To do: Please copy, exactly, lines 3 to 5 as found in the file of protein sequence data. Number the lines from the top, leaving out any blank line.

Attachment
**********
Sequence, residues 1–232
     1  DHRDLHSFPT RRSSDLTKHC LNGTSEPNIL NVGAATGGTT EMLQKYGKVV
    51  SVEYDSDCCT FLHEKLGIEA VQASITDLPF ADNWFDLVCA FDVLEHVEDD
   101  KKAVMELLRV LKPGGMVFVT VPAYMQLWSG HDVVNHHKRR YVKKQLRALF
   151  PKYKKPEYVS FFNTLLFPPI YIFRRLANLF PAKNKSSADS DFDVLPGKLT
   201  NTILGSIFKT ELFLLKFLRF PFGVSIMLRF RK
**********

    51  SVEYDSDCCT FLHEKLGIEA VQASITDLPF ADNWFDLVCA FDVLEHVEDD
   101  KKAVMELLRV LKPGGMVFVT VPAYMQLWSG HDVVNHHKRR YVKKQLRALF
   151  PKYKKPEYVS FFNTLLFPPI YIFRRLANLF PAKNKSSADS DFDVLPGKLT